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Mexico

Legislation

  • Mining Law 1992 (as amended)
  • Mining Law Regulations 2012 (as amended)
  • Environmental Protection Law 1988
  • Environmental Protection Regulations 2000

Regulatory Risk Rating

Minimal
Regulatory Risk

Regulatory Corruption Risk

Very Low
Regulatory Corruption Risk

Corruption Exposure Risk

Low
Corruption Exposure Risk
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Those who are looking to invest in Mexico will find little of concern under the legal framework itself, which is a model for development and a high-water mark in the world of mining regulation. As yet, the law has not been adjusted to align with the position of the Mexican president - who has repeatedly stated that no new concessions shall be approved during his term. This has resulted in a political, though notably not legal, moratorium on concession rights and noise around the nationalisation of Mexico’s relatively recently discovered lithium deposits may raise further red flags for potential investors. Given Mexico’s increasing geopolitical and security risks, the law is certainly a safe haven designed to effectively protect investment.

Contents

Legislation

  • Mining Law 1992 (as amended)
  • Mining Law Regulations 2012 (as amended)
  • Environmental Protection Law 1988
  • Environmental Protection Regulations 2000

Regulatory Risk Rating

Minimal
Regulatory Risk

Regulatory Corruption Risk

Very Low
Regulatory Corruption Risk

Corruption Exposure Risk

Low
Corruption Exposure Risk
Regulatory Risk Rating Factors Risk Level
First Come / First Serve Subscribe
Application Criteria Subscribe
Duration Subscribe
Right to Renew Subscribe
Competing Licences Subscribe
Mineral Coverage Subscribe
Right to Mine Subscribe
Criteria for Mining Rights Subscribe
Tenure Subscribe
Surface Rights Subscribe
Government Take Subscribe
Transfer Rights Subscribe
Change of Control Subscribe
EIA Process Subscribe
Power to Revoke Subscribe
Age of Legislation Subscribe
Other Factors Subscribe

Overview

Mexico is one of the leading mining jurisdictions in the Americas and the mineral industry has traditionally been an important contributor to the Mexican economy. It is the world’s largest silver producer, responsible for just under 20% of global silver production and amongst the top 10 global gold producers. According to USGS, the country is also a major producer of copper, lead, zinc, bismuth, fluorspar, celestite, sodium sulphate, wollastonite, cadmium, diatomite, molybdenum, barite, graphite and gypsum. Following a discovery in Sonora state in 2014, Mexico is also now believed to have some of the largest lithium deposits in the world. Commercial production at the mine site where the discovery was made is targeted for 2023.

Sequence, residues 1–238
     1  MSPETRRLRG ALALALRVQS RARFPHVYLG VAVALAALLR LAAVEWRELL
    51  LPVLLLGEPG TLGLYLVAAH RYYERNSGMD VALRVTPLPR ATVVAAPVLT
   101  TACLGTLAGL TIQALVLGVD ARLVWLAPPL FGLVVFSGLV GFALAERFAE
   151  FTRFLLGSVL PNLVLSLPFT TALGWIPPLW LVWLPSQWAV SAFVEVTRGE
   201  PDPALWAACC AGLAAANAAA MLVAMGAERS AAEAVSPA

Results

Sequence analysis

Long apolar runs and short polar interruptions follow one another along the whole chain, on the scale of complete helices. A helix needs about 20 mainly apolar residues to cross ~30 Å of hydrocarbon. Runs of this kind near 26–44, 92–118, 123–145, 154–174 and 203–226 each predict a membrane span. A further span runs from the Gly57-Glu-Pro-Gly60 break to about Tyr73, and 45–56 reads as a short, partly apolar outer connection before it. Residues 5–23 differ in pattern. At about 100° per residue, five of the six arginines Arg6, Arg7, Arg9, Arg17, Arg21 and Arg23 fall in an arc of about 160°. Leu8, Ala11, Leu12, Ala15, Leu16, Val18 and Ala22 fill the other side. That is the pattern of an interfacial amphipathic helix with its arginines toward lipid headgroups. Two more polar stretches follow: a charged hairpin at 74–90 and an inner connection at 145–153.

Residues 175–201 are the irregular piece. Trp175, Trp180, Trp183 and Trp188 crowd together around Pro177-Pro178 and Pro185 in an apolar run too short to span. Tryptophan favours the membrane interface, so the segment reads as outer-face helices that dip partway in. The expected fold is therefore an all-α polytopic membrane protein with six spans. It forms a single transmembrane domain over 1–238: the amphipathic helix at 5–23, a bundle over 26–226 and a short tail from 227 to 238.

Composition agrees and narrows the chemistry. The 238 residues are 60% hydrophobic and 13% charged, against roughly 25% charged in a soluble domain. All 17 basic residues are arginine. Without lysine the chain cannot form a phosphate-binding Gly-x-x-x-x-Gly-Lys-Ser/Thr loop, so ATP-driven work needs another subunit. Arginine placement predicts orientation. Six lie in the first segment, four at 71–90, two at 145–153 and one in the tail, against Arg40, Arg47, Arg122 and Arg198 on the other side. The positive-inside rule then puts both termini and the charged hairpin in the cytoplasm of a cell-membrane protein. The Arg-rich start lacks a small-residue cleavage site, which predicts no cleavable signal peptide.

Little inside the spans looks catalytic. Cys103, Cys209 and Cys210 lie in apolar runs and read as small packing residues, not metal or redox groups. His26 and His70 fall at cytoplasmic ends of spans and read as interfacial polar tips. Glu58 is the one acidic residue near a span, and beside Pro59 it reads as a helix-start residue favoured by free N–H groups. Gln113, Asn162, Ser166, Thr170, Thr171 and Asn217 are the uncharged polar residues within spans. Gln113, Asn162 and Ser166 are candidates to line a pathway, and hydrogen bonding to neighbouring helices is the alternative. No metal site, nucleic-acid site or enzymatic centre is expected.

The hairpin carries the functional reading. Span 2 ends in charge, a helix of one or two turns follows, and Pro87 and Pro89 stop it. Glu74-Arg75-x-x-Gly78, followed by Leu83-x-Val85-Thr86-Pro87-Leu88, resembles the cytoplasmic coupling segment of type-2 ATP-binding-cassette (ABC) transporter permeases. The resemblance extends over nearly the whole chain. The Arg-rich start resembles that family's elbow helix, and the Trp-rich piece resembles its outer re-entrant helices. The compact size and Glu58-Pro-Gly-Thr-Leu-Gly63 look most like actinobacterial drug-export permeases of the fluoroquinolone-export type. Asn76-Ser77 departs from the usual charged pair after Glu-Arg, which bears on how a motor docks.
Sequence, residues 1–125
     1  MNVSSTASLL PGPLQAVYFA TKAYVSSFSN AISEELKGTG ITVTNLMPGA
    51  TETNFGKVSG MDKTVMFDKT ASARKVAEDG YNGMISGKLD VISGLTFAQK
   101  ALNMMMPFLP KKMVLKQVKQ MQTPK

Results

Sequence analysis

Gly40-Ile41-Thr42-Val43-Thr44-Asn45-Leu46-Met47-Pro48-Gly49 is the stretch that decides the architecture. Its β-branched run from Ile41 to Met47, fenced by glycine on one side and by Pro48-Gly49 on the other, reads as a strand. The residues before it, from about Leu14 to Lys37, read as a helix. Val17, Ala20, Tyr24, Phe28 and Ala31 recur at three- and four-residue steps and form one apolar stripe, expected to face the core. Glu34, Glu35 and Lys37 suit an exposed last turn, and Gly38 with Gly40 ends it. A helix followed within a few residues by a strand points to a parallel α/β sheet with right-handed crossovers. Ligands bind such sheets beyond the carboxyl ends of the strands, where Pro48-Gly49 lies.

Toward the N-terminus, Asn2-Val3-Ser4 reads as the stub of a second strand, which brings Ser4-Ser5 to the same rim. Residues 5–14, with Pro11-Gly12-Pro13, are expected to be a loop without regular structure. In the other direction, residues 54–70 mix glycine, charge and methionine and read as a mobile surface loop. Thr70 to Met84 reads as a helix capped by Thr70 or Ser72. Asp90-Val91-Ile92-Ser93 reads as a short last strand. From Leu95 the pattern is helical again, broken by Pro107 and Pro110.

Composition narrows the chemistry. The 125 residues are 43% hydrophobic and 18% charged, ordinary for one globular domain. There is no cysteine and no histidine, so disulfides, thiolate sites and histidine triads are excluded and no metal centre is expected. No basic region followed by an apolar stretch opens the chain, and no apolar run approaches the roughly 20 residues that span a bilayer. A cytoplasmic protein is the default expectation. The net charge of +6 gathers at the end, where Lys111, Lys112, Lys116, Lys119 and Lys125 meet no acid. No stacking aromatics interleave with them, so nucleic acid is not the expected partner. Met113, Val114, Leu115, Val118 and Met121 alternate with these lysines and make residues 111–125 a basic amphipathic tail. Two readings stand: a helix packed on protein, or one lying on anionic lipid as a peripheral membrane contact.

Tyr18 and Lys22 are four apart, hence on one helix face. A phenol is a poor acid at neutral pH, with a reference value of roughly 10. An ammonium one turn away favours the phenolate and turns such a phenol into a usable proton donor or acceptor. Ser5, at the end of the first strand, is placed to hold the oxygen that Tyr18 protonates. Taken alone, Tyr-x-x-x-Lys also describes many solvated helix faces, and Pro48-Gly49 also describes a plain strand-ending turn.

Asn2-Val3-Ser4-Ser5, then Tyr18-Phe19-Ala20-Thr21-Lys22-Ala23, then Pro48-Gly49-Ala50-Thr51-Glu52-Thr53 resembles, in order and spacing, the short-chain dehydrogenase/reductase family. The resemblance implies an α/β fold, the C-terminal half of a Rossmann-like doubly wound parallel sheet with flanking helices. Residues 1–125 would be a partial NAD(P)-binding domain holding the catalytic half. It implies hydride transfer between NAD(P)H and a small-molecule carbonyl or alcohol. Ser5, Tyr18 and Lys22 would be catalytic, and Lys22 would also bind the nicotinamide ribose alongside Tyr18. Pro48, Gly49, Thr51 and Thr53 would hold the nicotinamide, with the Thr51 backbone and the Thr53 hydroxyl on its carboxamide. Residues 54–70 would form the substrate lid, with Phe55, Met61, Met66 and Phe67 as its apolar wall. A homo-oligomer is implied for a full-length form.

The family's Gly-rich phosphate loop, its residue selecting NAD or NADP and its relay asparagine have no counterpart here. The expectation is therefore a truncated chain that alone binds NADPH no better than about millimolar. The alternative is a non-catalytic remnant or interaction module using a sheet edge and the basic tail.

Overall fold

Mexico has long been recognised as an attractive investment environment for mining – with significant numbers of Canadian, US, Spanish and Japanese investors active in the sector. That being said, the industry is still somewhat understated as against its potential due to the ‘hangover’ of previous laws which restricted foreign ownership in the sector. Efforts since the 1980s to open the industry to increased foreign capital have proved successful and the existing legal framework has been a useful tool in attracting FDI. However, political risk has increased since the election of President ‘AMLO’ in 2018. The President has stated on numerous occasions that he does not plan to grant any new mining concessions and, as a result, a moratorium is now effectively in place – though laws have not been passed to support the President’s position. There has also been much discussion around the nationalisation of the country’s lithium deposits. In addition, State authorities have been known to use environmental requirements to stall or block projects in recent years, on occasion operating outside of the terms of the legal framework. Security concerns and difficulties with community engagement are also major considerations for those evaluating the jurisdiction. All that being said, the legal framework has not changed significantly since 2014 – so there has been little impact on legal risk in Mexico since the President was appointed. Should the President pass laws to support his public statements, there could be a significant change in Mexico’s risk profile.

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